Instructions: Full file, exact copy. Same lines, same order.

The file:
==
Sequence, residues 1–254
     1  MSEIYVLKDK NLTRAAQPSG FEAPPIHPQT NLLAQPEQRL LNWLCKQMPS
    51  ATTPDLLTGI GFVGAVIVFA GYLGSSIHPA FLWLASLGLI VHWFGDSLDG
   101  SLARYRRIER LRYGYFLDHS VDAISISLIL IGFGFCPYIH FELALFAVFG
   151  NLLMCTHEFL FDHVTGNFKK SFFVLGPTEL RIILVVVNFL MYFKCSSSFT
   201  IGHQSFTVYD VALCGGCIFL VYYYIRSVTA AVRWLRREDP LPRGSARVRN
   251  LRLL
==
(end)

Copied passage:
Sequence, residues 1–254
     1  MSEIYVLKDK NLTRAAQPSG FEAPPIHPQT NLLAQPEQRL LNWLCKQMPS
    51  ATTPDLLTGI GFVGAVIVFA GYLGSSIHPA FLWLASLGLI VHWFGDSLDG
   101  SLARYRRIER LRYGYFLDHS VDAISISLIL IGFGFCPYIH FELALFAVFG
   151  NLLMCTHEFL FDHVTGNFKK SFFVLGPTEL RIILVVVNFL MYFKCSSSFT
   201  IGHQSFTVYD VALCGGCIFL VYYYIRSVTA AVRWLRREDP LPRGSARVRN
   251  LRLL